OTR Interviews

Dissecting the Evidence in Casey Anthony's Trial and How Jurors Reached Their Decision

Former LAPD detective Mark Fuhrman responds to juror's belief that prosecutors couldn't prove how Caylee died


This is a rush transcript from "On the Record," July 6, 2011. This copy may not be in its final form and may be updated.

GRETA VAN SUSTEREN, FOX NEWS HOST: Russell Huekler was an alternate juror, so he was not one of the 12 votes that found Casey Anthony not guilty. But he agreed with the not guilty verdict because the prosecutors could not prove beyond a reasonable doubt to him how Caylee died, whether the cause was murder or an accident.

Could the police investigation have been better? Joining us is former LAPD homicide detective Mark Fuhrman. Mark, in listening to that very thoughtful man, you know, how he looked at the evidence, it occurred to me that -- I mean, he said what bothered him is they couldn't determine cause of death. The child disappeared June 16th. The remains were found in December 8th or so. In August, there was a phone call to the police about where the remains had been. And I thought, you know, if the crime scene had been discovered then, not compromised, with all the remains in better tact, not subject to the elements, that this might be a very different case. They probably could have proved whether it was a murder or not. Do you agree?

MARK FUHRMAN, FORMER LAPD HOMICIDE DETECTIVE: Possibly. The body had been at that location for up to 50 days, in advanced decomposition before it arrived at that location. So I'd say it would be pretty compromised by that point.

We got to remember that Mr. Kronk saw something white, which turned out to be a skull in December, but he saw something white then. I kind of wonder. So I kind of wonder. But you know, without that argument -- you listen to this alternate juror, half of what I hear him saying came from Mr. Baez's opening or closing. I never saw anything in evidence, anything in evidence about a horrific accident. Did I miss something?

VAN SUSTEREN: Well, no, it's not -- you don't actually -- since the defense...

FUHRMAN: I don't know of any...

VAN SUSTEREN: No, no. Because the defense doesn't have to prove anything, what the defense has to do is poke holes in. And if -- and it -- and the prosecution's own expert said that they could not deny it was an accident. So it's not -- I think you're shifting the burden...

FUHRMAN: Well...

VAN SUSTEREN: ... is that they were poking the holes. And so the prosecution necessarily then couldn't meet its burden of proof.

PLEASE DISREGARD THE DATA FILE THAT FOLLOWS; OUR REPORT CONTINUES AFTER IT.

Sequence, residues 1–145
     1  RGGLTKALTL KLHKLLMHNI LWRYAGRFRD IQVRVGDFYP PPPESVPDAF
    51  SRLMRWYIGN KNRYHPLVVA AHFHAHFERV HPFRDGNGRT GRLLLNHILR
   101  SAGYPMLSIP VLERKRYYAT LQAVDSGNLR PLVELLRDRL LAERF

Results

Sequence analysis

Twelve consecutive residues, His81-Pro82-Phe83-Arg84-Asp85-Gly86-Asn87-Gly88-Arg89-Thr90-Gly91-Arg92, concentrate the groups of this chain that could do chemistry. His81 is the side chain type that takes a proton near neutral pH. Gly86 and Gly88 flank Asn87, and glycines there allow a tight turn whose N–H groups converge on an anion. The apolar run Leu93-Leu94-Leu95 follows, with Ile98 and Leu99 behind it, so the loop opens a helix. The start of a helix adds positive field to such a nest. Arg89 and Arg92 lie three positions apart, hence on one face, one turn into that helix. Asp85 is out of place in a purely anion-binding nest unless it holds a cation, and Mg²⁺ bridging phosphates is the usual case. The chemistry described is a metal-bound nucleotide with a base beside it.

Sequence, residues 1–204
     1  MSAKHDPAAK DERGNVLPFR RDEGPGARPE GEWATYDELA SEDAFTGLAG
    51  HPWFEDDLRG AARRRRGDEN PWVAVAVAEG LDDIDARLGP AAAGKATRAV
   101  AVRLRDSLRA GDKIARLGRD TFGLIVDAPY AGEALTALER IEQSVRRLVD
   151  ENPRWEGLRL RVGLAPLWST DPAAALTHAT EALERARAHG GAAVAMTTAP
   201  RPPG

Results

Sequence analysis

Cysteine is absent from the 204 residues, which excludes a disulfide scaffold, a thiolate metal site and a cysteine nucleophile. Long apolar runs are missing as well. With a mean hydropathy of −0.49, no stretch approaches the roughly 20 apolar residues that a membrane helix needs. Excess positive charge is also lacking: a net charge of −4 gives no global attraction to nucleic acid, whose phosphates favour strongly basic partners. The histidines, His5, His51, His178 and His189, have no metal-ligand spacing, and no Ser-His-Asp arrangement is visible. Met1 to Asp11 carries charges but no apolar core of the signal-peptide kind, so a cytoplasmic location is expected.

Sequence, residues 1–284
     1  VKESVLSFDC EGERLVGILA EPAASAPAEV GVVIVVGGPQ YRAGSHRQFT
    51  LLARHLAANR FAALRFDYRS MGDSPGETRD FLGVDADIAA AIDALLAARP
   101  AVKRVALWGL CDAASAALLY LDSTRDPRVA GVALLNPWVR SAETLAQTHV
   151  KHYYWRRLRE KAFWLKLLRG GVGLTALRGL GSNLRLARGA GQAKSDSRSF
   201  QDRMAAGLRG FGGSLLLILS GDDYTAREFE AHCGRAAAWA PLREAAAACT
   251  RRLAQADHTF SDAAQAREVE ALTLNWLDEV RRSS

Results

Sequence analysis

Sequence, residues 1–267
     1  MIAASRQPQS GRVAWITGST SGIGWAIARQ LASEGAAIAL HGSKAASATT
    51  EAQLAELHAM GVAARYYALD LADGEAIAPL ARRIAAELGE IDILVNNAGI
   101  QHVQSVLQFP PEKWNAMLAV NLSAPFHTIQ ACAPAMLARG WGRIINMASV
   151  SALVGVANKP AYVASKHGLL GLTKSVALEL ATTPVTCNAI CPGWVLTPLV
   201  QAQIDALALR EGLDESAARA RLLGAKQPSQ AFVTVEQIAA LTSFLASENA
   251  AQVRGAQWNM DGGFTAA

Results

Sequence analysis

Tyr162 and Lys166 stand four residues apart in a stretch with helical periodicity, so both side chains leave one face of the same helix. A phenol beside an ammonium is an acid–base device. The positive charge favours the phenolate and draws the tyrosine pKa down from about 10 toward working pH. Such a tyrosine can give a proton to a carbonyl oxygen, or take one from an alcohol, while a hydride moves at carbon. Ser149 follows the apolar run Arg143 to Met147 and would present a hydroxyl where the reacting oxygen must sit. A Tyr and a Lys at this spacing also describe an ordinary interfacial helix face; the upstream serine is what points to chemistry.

FUHRMAN: I agree with poking the holes. But this juror also said a couple things, Greta. On your interview last night -- I read the transcript. And when it came down to Mr. Baez showing how the Anthony family got rid of their pets, he made it clear -- you know, a conclusion, in quotes, "I think this is how they got rid of Caylee's body," end quote.

So he's not only speculating, he thinks, absent of any evidence, except for how somebody buries a pet. It goes farther. This man believes that just one hair with a decomposing band on it -- forget the decomposing band. A hair of a child in the trunk is no big deal. I don't care if it's one hair or a million hairs.

VAN SUSTEREN: I actually disagree with you on the speculation. I think it was speculation that -- an assertion of -- asking the jury to speculate on the father molesting the -- molesting Casey. There was no evidence there. What was different about the pet is that you can draw a reasonable inference. The rules of evidence permit you to draw reasonable inferences if evidence is presented. The evidence was presented.

You may not credit it or not, but it was presented so a reasonable person can draw an inference. The Casey molesting thing was simply out of whole cloth. There was nothing to support that. That was speculation, asking for speculation. That was different.

FUHRMAN: That's not only speculation, but he says "they." There was nothing introduced into evidence except for Jose Baez's opening statement about Casey having help getting rid of Caylee's body.

So this juror, if he is indicative of the 12 that actually decided this case, they are intertwining evidence and experts that simply come out and say, This FBI expert doesn't know what he's talking about. Although I don't have as much experience, he doesn't know what he's talking about.

So they pick and choose who they like or what evidence cancels out the other? That's ridiculous! This is -- this juror, this alternate also said he doesn't believe that anybody produced any evidence that he thinks that Caylee was ever in Casey Anthony's trunk. I mean, are you serious?

VAN SUSTEREN: I -- you know, I -- I'm very...

FUHRMAN: How did -- how did they...

VAN SUSTEREN: I got to go, Mark. But I just want to note that I don't -- that I don't agree with you. I'm very respectful of jurors, and they do see very different trials often than what we do because we see the times when they're out of the room, we hear the argument. But anyway, we'll -- you and I will argue about this another day, all right?